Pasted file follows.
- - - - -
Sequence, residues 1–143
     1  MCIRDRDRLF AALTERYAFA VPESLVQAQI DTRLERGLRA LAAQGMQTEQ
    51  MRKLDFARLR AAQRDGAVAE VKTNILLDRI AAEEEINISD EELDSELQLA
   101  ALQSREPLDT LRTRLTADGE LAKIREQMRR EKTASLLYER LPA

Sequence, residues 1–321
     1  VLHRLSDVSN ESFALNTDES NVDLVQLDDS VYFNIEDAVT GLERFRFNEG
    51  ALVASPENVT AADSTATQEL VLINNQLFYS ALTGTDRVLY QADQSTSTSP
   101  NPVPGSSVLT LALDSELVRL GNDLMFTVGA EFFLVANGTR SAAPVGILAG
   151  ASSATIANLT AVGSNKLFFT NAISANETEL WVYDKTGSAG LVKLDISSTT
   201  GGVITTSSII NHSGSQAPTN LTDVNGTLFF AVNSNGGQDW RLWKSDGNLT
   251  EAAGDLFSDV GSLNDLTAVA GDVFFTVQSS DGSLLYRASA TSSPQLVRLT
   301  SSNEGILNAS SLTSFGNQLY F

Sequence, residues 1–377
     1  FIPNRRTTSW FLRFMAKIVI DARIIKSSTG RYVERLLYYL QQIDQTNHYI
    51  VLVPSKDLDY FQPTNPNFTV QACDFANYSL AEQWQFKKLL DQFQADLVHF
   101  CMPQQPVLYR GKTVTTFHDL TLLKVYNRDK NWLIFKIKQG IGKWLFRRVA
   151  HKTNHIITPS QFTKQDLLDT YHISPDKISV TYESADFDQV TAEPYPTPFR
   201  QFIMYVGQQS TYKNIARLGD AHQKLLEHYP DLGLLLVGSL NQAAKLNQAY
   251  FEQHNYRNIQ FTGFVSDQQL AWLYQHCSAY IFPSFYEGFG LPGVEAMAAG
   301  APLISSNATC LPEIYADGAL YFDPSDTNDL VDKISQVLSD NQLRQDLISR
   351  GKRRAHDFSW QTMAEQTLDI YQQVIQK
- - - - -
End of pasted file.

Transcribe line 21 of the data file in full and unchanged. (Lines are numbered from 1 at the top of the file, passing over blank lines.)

   351  GKRRAHDFSW QTMAEQTLDI YQQVIQK